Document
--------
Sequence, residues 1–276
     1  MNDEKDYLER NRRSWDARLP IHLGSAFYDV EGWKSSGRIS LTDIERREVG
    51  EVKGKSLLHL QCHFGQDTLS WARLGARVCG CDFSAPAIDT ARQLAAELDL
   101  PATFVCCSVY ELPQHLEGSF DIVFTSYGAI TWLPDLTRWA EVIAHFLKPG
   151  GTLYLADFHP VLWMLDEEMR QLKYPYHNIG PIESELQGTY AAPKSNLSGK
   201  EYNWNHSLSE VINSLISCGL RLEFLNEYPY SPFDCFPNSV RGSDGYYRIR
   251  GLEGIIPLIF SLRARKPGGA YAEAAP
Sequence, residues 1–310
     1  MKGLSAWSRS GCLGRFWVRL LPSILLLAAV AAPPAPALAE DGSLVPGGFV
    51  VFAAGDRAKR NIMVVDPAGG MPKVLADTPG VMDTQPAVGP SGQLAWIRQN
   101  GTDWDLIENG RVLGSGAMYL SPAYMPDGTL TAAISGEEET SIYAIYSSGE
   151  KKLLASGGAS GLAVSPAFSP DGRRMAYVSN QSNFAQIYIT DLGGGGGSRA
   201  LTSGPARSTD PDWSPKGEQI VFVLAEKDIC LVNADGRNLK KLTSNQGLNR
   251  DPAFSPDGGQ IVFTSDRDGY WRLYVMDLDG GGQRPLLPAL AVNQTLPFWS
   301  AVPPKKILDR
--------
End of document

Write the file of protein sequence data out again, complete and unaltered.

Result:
Sequence, residues 1–276
     1  MNDEKDYLER NRRSWDARLP IHLGSAFYDV EGWKSSGRIS LTDIERREVG
    51  EVKGKSLLHL QCHFGQDTLS WARLGARVCG CDFSAPAIDT ARQLAAELDL
   101  PATFVCCSVY ELPQHLEGSF DIVFTSYGAI TWLPDLTRWA EVIAHFLKPG
   151  GTLYLADFHP VLWMLDEEMR QLKYPYHNIG PIESELQGTY AAPKSNLSGK
   201  EYNWNHSLSE VINSLISCGL RLEFLNEYPY SPFDCFPNSV RGSDGYYRIR
   251  GLEGIIPLIF SLRARKPGGA YAEAAP
Sequence, residues 1–310
     1  MKGLSAWSRS GCLGRFWVRL LPSILLLAAV AAPPAPALAE DGSLVPGGFV
    51  VFAAGDRAKR NIMVVDPAGG MPKVLADTPG VMDTQPAVGP SGQLAWIRQN
   101  GTDWDLIENG RVLGSGAMYL SPAYMPDGTL TAAISGEEET SIYAIYSSGE
   151  KKLLASGGAS GLAVSPAFSP DGRRMAYVSN QSNFAQIYIT DLGGGGGSRA
   201  LTSGPARSTD PDWSPKGEQI VFVLAEKDIC LVNADGRNLK KLTSNQGLNR
   251  DPAFSPDGGQ IVFTSDRDGY WRLYVMDLDG GGQRPLLPAL AVNQTLPFWS
   301  AVPPKKILDR